The Students were skilled at the breakdown and recycled plenty of clean ball for Haydon and Halangahu to direct proceedings. It was a clinical performance.

Sydney University coach Damien Hill would be most pleased with this win for several reasons.

He lost inside-centre Tom Carter (to injury) and utility backs Lachlan Mitchell (to England) and Dan Kelly (to injury) and struggled to put together a centre pairing. He settled on Leo Afeaki and Mitch Inman and they produced their best performances on grand final day.

Hill would also be pleased that his team didn’t try to defend a good lead – they stuck to the game plan and kept the scoreboard ticking. Get field position, maintain possession, build pressure and let the points come.
He also put great faith in Halangahu, who has been man-of-the-match in the past two grand finals.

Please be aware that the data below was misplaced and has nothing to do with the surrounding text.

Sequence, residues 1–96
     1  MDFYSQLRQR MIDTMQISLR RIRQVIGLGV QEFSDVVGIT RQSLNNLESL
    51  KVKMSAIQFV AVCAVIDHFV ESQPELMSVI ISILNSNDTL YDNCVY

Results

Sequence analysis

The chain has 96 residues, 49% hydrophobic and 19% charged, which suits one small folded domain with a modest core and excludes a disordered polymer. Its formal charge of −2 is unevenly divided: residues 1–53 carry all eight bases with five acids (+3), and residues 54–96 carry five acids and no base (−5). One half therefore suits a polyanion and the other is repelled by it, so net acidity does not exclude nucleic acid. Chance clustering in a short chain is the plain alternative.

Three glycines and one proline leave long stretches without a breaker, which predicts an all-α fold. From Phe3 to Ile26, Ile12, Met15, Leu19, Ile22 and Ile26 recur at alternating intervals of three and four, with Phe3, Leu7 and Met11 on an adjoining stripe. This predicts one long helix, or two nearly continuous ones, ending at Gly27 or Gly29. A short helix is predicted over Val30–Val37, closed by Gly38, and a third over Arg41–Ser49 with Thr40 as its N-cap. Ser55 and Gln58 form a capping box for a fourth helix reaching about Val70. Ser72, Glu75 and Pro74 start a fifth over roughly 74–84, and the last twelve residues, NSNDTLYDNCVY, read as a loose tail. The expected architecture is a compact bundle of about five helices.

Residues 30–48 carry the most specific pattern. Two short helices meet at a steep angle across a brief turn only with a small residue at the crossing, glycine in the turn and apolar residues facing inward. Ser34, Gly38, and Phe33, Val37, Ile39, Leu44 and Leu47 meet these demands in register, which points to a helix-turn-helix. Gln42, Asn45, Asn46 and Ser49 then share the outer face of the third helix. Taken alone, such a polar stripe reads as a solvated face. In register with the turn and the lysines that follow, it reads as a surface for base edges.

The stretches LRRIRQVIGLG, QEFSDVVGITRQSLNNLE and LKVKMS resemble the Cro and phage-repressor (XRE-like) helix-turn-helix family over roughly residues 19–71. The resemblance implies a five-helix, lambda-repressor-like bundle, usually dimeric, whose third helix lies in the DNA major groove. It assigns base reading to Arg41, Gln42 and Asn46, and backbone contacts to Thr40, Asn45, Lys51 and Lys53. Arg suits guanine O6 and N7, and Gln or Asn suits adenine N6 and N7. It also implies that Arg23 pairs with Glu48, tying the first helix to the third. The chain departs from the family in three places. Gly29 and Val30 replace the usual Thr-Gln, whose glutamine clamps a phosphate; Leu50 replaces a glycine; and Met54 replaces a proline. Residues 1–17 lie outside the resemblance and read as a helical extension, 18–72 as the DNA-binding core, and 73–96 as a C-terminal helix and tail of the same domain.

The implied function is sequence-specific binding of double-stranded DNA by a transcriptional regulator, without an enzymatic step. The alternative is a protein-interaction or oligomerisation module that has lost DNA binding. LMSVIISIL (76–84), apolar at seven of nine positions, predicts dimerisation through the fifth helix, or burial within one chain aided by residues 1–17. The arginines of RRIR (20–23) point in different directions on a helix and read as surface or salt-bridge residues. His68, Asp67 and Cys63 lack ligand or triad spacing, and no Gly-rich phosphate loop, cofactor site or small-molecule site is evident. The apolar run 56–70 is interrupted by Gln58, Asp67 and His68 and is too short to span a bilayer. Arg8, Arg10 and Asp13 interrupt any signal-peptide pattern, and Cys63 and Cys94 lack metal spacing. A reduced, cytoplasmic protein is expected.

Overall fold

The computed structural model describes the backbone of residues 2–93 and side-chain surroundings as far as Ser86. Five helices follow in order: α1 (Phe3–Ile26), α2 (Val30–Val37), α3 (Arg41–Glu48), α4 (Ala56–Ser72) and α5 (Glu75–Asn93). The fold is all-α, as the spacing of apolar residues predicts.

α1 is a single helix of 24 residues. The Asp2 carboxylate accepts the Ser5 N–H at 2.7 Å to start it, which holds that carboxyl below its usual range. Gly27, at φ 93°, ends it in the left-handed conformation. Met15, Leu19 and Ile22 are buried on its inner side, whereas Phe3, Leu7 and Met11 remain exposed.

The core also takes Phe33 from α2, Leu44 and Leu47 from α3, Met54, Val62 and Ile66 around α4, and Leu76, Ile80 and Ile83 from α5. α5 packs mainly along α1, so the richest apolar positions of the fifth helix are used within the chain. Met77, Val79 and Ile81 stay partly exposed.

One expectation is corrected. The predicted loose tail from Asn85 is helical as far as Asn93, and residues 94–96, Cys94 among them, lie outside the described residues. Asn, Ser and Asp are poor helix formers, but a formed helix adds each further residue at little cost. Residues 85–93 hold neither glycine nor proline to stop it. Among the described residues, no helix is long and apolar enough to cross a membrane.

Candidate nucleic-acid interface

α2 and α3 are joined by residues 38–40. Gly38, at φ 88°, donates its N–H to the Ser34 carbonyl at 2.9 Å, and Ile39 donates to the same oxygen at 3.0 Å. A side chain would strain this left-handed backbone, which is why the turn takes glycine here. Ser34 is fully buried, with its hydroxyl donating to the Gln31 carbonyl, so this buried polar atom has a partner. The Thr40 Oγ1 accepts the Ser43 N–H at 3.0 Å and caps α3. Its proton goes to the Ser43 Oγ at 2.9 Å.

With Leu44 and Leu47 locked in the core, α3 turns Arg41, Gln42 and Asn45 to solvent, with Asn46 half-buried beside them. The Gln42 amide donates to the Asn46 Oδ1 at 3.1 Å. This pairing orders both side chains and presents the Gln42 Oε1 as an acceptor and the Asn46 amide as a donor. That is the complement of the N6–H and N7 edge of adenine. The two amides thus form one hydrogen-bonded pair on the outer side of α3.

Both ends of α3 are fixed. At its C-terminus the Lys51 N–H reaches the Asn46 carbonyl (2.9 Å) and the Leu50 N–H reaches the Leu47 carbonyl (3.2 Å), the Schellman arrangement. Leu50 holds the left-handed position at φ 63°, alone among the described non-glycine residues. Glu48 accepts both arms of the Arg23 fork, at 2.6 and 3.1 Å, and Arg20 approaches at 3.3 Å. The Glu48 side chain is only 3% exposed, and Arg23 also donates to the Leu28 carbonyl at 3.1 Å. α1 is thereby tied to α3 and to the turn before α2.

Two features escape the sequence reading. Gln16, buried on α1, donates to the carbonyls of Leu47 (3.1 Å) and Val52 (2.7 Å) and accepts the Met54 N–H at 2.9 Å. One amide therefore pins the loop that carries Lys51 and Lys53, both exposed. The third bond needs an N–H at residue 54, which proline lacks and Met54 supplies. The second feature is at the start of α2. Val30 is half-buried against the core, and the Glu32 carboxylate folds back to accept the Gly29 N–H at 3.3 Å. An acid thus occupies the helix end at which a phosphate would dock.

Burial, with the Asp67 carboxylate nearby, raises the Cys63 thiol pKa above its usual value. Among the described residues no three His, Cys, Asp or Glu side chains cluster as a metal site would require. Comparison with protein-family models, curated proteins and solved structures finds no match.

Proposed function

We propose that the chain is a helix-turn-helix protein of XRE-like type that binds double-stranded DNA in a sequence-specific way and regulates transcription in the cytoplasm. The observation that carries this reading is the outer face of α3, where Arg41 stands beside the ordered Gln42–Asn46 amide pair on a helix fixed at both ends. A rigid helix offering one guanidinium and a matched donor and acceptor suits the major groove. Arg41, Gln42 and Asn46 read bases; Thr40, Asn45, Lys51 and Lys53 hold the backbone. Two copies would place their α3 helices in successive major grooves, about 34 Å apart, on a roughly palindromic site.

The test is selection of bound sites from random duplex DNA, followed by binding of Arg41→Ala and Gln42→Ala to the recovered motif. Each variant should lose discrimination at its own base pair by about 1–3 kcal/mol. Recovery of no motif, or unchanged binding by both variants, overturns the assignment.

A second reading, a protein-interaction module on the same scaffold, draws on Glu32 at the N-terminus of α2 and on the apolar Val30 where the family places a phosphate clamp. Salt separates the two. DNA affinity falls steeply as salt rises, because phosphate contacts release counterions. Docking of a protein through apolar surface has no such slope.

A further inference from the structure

And he would have been proud of his scrum coach Trevor Woodman, who has developed one of the best young front-rows in the competition.

In other results, Randwick Fourth Grade, who had gone through the season undefeated, accounted Sydney University 24-14 to win the Henderson Cup. The Students had their chances against the all-conquering Wicks and led 14-10 at one stage in the second half. (Full match report to come.)

Northern Suburbs won the Colin Caird Shield for Second Grade with a 16-14 win over Gordon, and Gordon won the Henderson Shield for Third Grade with a 15-14 win over Manly.

Colts take the treble

Sydney University’s remarkable run in Colts continued at Concord Oval on Sunday, when the three grades successfully defended their 2007 titles.

Third Grade scored after the final whistle to run out 17-12 winners over Manly; Second Grade ground out a 16-9 win over Eastern Suburbs, and First Grade were clinical in defeating Eastern Suburbs 39-5. (Full match reports to come.)

The three Colts team dropped just two games during the course of the season and finished with the minor premierships in each grade and the Colts Club Championship.